February 15 2023
HOKKAIDO – A survey by the Hokkaido prefectural government found that there are at least nine towns and villages in the prefectural that prohibit people with intellectual disabilities from sitting on the council through bylaws or regulations. The prefecture is calling for action, such as considering amendments to the ‘Act for the Elimination of Disability Discrimination’, on the grounds that this may be in violation of the Act.
The Hokkaido survey was conducted in response to a Shizuoka Prefecture civic group made up of people with mental disabilities, and found that at least nine towns and villages in the prefecture have ordinances and regulations that prohibit people with “mental disorders” and “mentally disabled persons” from sitting on the council.
It is alleged that by the Hokkaido prefectural government these ordinances and regulations may contravene the Act for Elimination of Disability Discrimination, which came into force in 2016, and the prefecture is calling for action such as considering amendments.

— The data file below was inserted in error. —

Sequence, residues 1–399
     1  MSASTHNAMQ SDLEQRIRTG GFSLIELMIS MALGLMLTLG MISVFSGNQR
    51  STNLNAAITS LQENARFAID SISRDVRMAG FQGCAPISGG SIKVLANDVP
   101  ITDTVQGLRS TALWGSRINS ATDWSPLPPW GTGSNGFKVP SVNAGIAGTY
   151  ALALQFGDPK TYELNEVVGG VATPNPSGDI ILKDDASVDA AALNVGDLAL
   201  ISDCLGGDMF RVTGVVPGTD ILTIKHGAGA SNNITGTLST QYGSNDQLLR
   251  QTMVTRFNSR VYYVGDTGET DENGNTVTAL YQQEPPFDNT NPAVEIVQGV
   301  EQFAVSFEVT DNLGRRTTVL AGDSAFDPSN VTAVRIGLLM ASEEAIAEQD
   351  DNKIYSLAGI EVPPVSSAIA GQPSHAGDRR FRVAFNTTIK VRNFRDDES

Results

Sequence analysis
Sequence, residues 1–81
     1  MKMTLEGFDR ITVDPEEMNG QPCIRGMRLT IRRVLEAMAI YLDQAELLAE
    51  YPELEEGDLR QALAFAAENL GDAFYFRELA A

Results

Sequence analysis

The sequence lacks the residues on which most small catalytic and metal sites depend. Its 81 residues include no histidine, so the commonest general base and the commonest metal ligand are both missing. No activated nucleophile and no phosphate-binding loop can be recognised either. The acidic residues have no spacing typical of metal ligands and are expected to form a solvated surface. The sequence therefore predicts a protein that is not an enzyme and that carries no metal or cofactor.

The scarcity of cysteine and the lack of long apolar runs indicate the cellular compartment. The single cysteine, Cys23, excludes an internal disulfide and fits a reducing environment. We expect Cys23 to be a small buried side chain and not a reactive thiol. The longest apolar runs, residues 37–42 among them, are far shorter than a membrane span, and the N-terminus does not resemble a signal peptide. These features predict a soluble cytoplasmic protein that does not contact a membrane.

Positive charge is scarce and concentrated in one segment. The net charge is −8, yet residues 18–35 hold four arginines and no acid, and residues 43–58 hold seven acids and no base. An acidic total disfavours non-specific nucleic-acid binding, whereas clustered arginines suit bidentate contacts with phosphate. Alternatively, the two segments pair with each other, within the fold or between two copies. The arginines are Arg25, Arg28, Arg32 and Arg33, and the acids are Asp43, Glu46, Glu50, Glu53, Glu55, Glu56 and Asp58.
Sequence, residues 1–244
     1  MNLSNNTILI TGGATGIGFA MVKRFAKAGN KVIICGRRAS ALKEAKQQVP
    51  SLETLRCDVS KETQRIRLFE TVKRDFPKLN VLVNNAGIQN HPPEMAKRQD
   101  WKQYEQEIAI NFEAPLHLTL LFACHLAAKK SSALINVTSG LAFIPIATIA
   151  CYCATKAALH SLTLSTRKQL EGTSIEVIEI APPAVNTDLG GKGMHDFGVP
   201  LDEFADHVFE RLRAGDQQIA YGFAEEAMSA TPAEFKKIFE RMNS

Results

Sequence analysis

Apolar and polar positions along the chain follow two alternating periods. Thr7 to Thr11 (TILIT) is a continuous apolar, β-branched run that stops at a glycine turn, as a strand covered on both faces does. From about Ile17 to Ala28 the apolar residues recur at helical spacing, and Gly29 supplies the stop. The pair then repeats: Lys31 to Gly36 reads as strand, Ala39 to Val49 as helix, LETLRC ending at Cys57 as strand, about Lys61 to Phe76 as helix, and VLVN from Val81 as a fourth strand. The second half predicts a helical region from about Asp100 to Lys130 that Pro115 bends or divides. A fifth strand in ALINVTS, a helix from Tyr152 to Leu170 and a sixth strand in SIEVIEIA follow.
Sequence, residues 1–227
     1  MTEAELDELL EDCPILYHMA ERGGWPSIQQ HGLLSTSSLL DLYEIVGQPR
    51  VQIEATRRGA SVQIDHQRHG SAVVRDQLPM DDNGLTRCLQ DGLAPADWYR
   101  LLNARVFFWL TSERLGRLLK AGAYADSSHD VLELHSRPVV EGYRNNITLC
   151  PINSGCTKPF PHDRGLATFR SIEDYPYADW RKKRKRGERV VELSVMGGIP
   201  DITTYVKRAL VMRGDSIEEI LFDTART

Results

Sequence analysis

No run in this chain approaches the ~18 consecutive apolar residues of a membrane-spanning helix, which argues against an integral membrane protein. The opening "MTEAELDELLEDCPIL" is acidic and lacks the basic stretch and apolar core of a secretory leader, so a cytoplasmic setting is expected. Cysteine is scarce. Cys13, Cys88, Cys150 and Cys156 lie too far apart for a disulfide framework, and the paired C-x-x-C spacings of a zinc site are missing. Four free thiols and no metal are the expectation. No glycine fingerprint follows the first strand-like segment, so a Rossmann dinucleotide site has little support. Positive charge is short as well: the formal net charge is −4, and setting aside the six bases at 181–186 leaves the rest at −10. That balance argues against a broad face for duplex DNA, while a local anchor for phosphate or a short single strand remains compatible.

According to the National Association of Chairpersons of Prefectural Assemblies, which is made up of chairpersons of prefectural assemblies across Japan, the rules for listening to assemblies of local governments are often based on the “Listening Rules” established by the association in 1959, and these rules initially included a section prohibiting people with mental disabilities from listening to the assemblies.
The prefectural government will check whether such regulations and rules are still in place in municipalities other than the nine and compile the results within the next week, with the prefectural government official saying that they would like to encourage each municipality to apply the rules appropriately in order to promote the creation of a discrimination-free community.
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